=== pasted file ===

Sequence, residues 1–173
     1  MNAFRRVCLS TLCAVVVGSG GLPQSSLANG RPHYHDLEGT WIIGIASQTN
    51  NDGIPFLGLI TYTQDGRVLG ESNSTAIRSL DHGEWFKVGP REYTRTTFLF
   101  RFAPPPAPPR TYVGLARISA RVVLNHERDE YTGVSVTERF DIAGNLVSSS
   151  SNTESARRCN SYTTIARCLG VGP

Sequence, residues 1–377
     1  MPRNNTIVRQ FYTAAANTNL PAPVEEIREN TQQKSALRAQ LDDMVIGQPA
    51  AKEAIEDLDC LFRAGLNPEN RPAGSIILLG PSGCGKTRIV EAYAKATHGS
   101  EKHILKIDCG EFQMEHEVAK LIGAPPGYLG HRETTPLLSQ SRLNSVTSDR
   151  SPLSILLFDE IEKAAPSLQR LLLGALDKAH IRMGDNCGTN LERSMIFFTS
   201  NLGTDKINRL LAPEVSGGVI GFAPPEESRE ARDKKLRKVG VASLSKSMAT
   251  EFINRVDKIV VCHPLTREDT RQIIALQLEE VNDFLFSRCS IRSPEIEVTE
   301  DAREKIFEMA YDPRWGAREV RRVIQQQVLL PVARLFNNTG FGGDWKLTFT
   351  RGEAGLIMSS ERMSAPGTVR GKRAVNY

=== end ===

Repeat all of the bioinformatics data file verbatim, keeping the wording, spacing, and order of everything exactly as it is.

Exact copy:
Sequence, residues 1–173
     1  MNAFRRVCLS TLCAVVVGSG GLPQSSLANG RPHYHDLEGT WIIGIASQTN
    51  NDGIPFLGLI TYTQDGRVLG ESNSTAIRSL DHGEWFKVGP REYTRTTFLF
   101  RFAPPPAPPR TYVGLARISA RVVLNHERDE YTGVSVTERF DIAGNLVSSS
   151  SNTESARRCN SYTTIARCLG VGP

Sequence, residues 1–377
     1  MPRNNTIVRQ FYTAAANTNL PAPVEEIREN TQQKSALRAQ LDDMVIGQPA
    51  AKEAIEDLDC LFRAGLNPEN RPAGSIILLG PSGCGKTRIV EAYAKATHGS
   101  EKHILKIDCG EFQMEHEVAK LIGAPPGYLG HRETTPLLSQ SRLNSVTSDR
   151  SPLSILLFDE IEKAAPSLQR LLLGALDKAH IRMGDNCGTN LERSMIFFTS
   201  NLGTDKINRL LAPEVSGGVI GFAPPEESRE ARDKKLRKVG VASLSKSMAT
   251  EFINRVDKIV VCHPLTREDT RQIIALQLEE VNDFLFSRCS IRSPEIEVTE
   301  DAREKIFEMA YDPRWGAREV RRVIQQQVLL PVARLFNNTG FGGDWKLTFT
   351  RGEAGLIMSS ERMSAPGTVR GKRAVNY